Volume can be deceiving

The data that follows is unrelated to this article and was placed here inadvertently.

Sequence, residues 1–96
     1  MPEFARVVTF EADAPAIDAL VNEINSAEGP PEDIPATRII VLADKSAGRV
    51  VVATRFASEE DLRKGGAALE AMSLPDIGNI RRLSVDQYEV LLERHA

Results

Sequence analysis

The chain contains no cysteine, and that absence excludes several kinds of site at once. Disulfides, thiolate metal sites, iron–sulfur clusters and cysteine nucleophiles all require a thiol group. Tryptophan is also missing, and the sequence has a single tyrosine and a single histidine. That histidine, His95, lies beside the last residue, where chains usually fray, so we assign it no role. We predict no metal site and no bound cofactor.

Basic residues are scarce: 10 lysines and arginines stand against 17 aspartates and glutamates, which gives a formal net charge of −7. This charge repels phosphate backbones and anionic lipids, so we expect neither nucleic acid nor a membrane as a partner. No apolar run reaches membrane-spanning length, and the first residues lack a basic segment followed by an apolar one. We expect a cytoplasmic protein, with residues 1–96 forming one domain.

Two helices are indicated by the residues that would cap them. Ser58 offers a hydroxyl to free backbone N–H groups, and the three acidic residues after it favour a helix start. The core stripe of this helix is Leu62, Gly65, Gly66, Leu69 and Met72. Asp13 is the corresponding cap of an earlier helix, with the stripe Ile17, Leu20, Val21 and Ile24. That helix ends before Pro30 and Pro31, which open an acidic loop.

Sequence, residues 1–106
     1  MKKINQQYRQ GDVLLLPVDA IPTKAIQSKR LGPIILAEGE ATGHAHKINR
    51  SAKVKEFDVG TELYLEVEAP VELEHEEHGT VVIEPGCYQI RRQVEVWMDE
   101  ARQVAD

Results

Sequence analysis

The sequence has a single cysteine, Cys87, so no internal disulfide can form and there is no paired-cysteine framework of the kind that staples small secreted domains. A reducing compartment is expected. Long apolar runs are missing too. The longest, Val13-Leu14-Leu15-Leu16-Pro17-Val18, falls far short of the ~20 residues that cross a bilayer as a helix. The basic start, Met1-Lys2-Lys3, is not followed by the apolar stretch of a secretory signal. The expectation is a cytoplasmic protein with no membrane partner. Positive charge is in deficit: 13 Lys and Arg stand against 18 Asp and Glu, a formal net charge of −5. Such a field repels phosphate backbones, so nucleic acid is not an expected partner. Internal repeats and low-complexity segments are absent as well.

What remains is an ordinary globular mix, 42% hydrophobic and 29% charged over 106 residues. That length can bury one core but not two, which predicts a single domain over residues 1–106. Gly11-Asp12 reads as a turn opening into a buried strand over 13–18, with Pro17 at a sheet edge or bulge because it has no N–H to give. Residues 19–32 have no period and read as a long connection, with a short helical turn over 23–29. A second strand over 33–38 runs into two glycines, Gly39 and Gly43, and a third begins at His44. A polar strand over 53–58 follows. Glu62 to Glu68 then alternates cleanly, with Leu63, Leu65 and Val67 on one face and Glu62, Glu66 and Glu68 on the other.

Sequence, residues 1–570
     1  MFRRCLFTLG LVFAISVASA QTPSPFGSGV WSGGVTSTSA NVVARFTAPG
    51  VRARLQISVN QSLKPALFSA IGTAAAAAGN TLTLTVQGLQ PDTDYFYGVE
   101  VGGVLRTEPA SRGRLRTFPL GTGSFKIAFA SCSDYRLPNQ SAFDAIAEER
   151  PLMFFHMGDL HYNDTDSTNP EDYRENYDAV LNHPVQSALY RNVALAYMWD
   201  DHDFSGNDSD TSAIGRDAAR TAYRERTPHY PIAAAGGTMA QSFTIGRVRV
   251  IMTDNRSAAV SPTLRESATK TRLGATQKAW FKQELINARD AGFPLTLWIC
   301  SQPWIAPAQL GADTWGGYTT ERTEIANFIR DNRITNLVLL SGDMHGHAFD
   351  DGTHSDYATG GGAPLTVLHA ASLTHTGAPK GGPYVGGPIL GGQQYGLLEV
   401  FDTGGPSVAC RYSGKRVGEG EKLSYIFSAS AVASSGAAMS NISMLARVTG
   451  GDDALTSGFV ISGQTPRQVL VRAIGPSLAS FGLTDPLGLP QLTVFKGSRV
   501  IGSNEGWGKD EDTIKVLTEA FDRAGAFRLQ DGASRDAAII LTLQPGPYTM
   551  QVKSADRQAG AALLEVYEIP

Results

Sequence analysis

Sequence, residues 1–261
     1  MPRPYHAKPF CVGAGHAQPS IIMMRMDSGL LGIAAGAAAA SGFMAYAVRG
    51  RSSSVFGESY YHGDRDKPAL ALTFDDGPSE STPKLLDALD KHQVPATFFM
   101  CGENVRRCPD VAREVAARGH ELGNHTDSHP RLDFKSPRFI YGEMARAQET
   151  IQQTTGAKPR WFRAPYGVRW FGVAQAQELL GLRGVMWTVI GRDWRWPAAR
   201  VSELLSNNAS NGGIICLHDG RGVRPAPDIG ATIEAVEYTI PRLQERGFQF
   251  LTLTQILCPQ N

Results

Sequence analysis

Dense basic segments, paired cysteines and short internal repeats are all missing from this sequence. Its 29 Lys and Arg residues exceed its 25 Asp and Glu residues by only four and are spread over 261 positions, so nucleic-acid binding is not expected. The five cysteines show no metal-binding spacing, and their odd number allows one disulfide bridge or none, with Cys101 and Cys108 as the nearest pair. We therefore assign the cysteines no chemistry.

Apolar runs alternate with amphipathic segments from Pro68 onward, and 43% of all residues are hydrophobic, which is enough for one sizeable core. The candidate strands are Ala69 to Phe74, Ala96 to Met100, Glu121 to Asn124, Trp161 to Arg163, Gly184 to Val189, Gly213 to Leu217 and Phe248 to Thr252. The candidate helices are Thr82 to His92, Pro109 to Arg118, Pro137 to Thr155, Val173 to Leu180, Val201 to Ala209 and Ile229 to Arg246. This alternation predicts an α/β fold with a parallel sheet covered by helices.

When audio gain is boosted it can be perceived as sounding good or better. However this is not always the case. For example when EQing a final mix at the mastering stage we are cutting and boosting the gain of various frequencies. If we boost 8 kHz with a high shelf thus boosting everything above 8 kHz by 3db it may sound good even pleasing. However we must remember that boosting on a final mix-down is like boosting that frequency on all the tracks that made up the final mix. It sounds pleasing because of the volume going up but we may have done more harm than good. When things are louder it perks our auditory sensors giving us the illusion of it always sounding good. Therefore we must do a/b comparisons at the same gain. Meaning the processed mix must be that same volume level as the unprocessed mix in order to make a fare comparison. So for example if the processed mix has an increase in gain due to the EQ boost that was made, the output of that signal must be reduced to match the unprocessed signal, then and only then can you make a fare comparison between the unprocessed and processed mixes. Gain matching is critical when making any adjustments whether it's EQ or compression during the mix stage or mastering stage.